Based on a map from the 1775, the map above shows the greater area around the colony. This ifctional scene could have occurred anywhere where there was a nearby coast tot he colony.

Hester and Pearl

It is noted that sunlight never falls on Chillingworth, who travels with a seemingly unavoidable shadow.

Hester also now finally acknowledges her hatred for Chillingworth, feeling disgust that they married – deeming it her worst crime. She despises that he convinced her that they could be happy together, and says his actions since have been a betrayal. She also believes his sins to be worse than her affair – which resulted from finding love, rather than occurring from hate. She also wonders if she has accumulated penance after seven years of wearing the scarlet letter.

Meanwhile, Pearl is playing nearby and has taken some seaweed from the ocean and fashioned it into a letter "A" on her own chest. Pearl wants to understand the scarlet letter's significance, which is still unknown to her.

Hester sees the seaweed letter on her daughter's chest and asks Pearl if she knows why her mother must wear the scarlet letter. Pearl responds, in her otherworldly way, that it is the same reason the Minister keeps his hand on his chest.

For a second, Hester wants to tell Pearl everything, and finally have someone to confide in. Though she decides not to, realizing that Pearl must experience sorrow in a different way to develop empathy. Instead, she tells Pearl that she wears the scarlet letter for the gold thread details. It is the first time she has ever lied about why she wears the scarlet letter, though Pearl doesn’t believe the answer and continues to endlessly ask about its significance well into the next morning.

Chapter Sixteen

Based on a map from the 1775, the map above shows where Stony Brook once ran, and marks the heavily forested areas which lied outside of the colony. The marked location is where this fictional scene likely would have occurred.

A Forest Walk

Hester begins regularly walking in the forest, in hopes of running into Dimmesdale to warn him about Chillingworth. Rather than visiting Dimmesdale at his study, Hester wants to ensure they will be alone to avoid interruptions and have the opportunity to be themselves without others watching. Today, she knows Dimmesdale will be returning home after visiting to local group of Native converts.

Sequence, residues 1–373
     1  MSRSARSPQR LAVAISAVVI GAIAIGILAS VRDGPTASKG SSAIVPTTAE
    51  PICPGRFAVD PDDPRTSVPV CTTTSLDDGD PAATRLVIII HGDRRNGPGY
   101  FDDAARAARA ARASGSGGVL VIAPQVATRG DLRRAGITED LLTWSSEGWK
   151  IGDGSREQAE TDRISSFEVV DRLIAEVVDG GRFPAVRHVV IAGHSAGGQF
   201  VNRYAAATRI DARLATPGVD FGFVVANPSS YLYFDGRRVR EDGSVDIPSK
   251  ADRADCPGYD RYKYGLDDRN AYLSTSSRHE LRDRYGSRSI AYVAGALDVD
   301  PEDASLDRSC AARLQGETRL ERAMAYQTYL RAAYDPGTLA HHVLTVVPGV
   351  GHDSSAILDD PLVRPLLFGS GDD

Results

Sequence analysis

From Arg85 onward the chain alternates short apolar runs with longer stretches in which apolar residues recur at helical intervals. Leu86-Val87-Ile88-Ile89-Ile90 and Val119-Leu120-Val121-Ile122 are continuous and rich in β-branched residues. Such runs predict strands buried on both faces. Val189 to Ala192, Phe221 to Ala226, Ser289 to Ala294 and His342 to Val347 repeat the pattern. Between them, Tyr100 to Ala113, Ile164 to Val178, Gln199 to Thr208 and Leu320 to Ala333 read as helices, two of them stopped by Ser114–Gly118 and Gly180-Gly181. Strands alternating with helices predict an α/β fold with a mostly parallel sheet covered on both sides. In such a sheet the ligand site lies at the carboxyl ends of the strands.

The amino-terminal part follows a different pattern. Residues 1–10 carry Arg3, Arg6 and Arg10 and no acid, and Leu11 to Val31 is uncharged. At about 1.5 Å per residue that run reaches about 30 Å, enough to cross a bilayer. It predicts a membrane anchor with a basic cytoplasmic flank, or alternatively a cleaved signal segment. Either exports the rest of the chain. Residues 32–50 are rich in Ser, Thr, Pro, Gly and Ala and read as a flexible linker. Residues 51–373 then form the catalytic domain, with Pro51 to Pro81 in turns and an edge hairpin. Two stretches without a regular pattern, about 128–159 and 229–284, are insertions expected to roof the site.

As Pearl and Hester walk, the forest grows cold and somber. At times, the sun appears, though never near Hester. Pearl notices and says the sunlight is avoiding Hester's scarlet letter. To help, she decides to catch the sunlight to share it with her mother, believing it will stay for her because she does not wear a letter. As Pearl begins to play in the sun and seemingly catch the light, Hester tries to join, but the sun vanishes whenever she nears.

While watching Pearl, Hester reflects on Pearl's inability to feel sorrow, which has prevented her from developing or showing sympathy for people or sad situations. However, Hester knows that Pearl has time to experience sorrow and develop this capability.

While waiting, Pearl asks to hear a story which she heard from Mistress Hibbins, about an “ugly black man” who offers a book and iron pen in the forest. Pearl says that people sign the book in blood and then receive his mark on their chest, which glows flamelike as people return to him at midnight. In response, Hester says she has met the man, and the scarlet letter is his mark.

As they speak, the forest becomes gloomy, which frustrates Pearl, who thinks the forest should be cheery. However, the Minister soon appears, with his hand over his chest, and Hester asks Pearl to go play nearby and wait to be called back. Before leaving, Pearl asks her mom if the Minister has the mark on his chest, but does not show it. Avoiding the question, Hester tells the child to run and play instead.

Chapter Seventeen

Based on a map from the 1775, the map above shows where Stony Brook once ran, and marks the heavily forested areas which lied outside of the colony. The marked location is where this fictional meeting between Hester and Dimmesdale likely would have occurred.

The Pastor and His Parishioner

Hester beckons Dimmesdale into the forest, where they ask one another if they are at peace. Dimmesdale explains he is not, due to guilt from his religious beliefs. Hester retorts that everyone admires him, though he says this only brings him more misery. Believing That Dimmesdale has already repented, Hester says his current life is just as holy as it was before their affair. However, Dimmesdale responds that he regrets not leaving his position or revealing himself to be Pearl’s father. He also voices that he thinks Hester was fortunate to have her sin known through the scarlet letter, rather than have it burn in secret as he does. After expressing his wish that someone else knew of his secret, to minimize his feelings of hypocrisy, Hester reveals that Chillingworth does already know, and she reveals his identity.

Hester feels guilt knowing that Chillingworth used his title as a physician to torment Dimmesdale – whom she still loves. She prefers death over explaining her part in the farce, and begs for forgiveness after revealing the truth. Though Dimmesdale refuses to forgive her, and grows angry with himself, knowing he should have recognized the physician’s true intentions.

Hester suddently dreads seeing Dimmesdale's face in a frown, since he was the only person who had never frowned at her. Hester continues to ask for forgiveness, and he soon calms and forgives her, stating that they are not the worst sinners in the world and that Chillingworth had sinned worse than they had. Hester then assures Dimmesdale that Chillingworth will not reveal their secret, but adds that Dimmesdale must stop residing with him. In response, Dimmesdale acts helpless and says he can’t leave, causing Hester to tell him that he must grow stronger.